Since May 2007, many manufactories of beverage’s cans have replaced the “standard can” with a new one, named “sleek can”. The traditional can now changes its shape, becoming taller and slimmer, but containing the same volume of beverage (33 cl). The total volume of a sleek can results smaller than the total volume of a standard can. A study on mechanical behavior of cans subjected to controlled thermal loads was carried out. The aim of the present work is to experimentally study the strains field on both types of can and different types of commercial beverages, and to identify the most dangerous condition. Experimental tests were executed realizing either a thermal shock or a gradual increase of temperature. A finite elements model was implemented. Strains obtained from experimental tests were compared with the numerical ones and the stress field of the can was evaluated. The soft drinks considered were sprite and coke. They are very common soft drinks, widely appreciated by young consumers. So it becomes fundamental that the cans are not only functional but also safe. In fact, drinks containing a considerable quantity of carbon dioxide (5.4 g/l of CO2 for coke and 7.2 g/l CO2 for sprite), can be considered a sort of pressure tanks because shaking the beverage or increasing the temperature, produces a growth of the gas pressure on the can walls. An experiment was simulated: it was supposed to leave a can in a car during a sunny day. The temperature reached was higher than 70 °C (in south of Italy in September). A preliminary test was executed and it was observed that heating with hot domestic water, the can end was violently removed from the can body, hitting the operator. For this reason an-in-depth study was conducted.

Experimental and Numerical Analysis of Beverage’s Cans Thermal Shocked

BARILE, Claudia;TURSI, Francesca
2011

Abstract

Since May 2007, many manufactories of beverage’s cans have replaced the “standard can” with a new one, named “sleek can”. The traditional can now changes its shape, becoming taller and slimmer, but containing the same volume of beverage (33 cl). The total volume of a sleek can results smaller than the total volume of a standard can. A study on mechanical behavior of cans subjected to controlled thermal loads was carried out. The aim of the present work is to experimentally study the strains field on both types of can and different types of commercial beverages, and to identify the most dangerous condition. Experimental tests were executed realizing either a thermal shock or a gradual increase of temperature. A finite elements model was implemented. Strains obtained from experimental tests were compared with the numerical ones and the stress field of the can was evaluated. The soft drinks considered were sprite and coke. They are very common soft drinks, widely appreciated by young consumers. So it becomes fundamental that the cans are not only functional but also safe. In fact, drinks containing a considerable quantity of carbon dioxide (5.4 g/l of CO2 for coke and 7.2 g/l CO2 for sprite), can be considered a sort of pressure tanks because shaking the beverage or increasing the temperature, produces a growth of the gas pressure on the can walls. An experiment was simulated: it was supposed to leave a can in a car during a sunny day. The temperature reached was higher than 70 °C (in south of Italy in September). A preliminary test was executed and it was observed that heating with hot domestic water, the can end was violently removed from the can body, hitting the operator. For this reason an-in-depth study was conducted.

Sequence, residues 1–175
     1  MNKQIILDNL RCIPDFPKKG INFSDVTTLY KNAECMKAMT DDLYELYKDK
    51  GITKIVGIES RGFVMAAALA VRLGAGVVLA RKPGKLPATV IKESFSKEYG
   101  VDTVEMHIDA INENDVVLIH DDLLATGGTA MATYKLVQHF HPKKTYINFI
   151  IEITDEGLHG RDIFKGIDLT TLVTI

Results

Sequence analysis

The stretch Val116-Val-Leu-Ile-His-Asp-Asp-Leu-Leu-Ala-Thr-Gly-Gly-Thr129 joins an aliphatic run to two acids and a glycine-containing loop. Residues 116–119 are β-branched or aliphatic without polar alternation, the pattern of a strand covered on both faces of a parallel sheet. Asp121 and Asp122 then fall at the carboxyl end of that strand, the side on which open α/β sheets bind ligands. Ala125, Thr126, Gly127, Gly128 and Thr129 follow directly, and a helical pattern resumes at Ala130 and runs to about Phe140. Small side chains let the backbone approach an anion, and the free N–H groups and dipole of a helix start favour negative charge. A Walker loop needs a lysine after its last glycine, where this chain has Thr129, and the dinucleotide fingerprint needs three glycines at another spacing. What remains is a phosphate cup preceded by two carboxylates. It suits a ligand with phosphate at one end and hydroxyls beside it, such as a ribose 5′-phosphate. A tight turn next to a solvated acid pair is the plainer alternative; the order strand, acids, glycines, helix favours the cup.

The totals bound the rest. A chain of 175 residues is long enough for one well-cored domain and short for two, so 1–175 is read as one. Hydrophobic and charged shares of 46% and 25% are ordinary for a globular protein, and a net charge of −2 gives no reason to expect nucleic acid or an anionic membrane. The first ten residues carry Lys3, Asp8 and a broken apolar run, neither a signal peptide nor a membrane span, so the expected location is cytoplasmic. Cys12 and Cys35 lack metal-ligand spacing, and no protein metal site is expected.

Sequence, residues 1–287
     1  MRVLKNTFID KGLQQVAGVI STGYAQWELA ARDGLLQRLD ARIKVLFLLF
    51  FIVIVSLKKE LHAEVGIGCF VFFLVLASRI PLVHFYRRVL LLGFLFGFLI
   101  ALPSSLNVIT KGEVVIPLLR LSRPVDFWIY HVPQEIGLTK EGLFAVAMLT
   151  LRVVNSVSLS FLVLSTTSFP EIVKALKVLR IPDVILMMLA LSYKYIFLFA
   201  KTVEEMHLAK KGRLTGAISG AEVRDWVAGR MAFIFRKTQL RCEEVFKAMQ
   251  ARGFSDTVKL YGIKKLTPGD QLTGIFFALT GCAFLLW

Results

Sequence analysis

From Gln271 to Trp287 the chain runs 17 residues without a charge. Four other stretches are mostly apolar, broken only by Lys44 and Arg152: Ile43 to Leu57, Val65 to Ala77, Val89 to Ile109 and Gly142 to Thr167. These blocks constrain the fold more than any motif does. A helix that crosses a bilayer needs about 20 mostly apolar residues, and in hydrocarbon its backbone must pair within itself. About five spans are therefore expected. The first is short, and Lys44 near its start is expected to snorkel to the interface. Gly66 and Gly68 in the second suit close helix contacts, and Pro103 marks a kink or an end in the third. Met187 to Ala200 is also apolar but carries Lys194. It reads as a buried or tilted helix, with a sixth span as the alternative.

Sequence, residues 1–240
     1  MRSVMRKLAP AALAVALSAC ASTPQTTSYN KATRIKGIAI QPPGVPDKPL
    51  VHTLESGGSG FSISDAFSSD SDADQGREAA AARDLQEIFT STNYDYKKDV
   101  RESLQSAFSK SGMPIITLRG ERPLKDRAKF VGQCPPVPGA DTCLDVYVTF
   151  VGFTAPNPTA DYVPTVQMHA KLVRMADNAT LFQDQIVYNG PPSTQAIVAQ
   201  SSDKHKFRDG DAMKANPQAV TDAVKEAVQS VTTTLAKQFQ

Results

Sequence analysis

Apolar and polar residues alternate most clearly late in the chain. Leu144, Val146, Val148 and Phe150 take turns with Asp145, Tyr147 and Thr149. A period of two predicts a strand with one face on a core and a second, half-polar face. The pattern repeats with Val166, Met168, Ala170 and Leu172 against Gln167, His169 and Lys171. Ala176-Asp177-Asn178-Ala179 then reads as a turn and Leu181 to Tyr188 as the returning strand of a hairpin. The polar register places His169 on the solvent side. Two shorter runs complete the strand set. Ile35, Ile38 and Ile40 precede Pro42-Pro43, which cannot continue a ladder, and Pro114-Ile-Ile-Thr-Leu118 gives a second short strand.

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Utilizza questo identificativo per citare o creare un link a questo documento: https://hdl.handle.net/11589/110390
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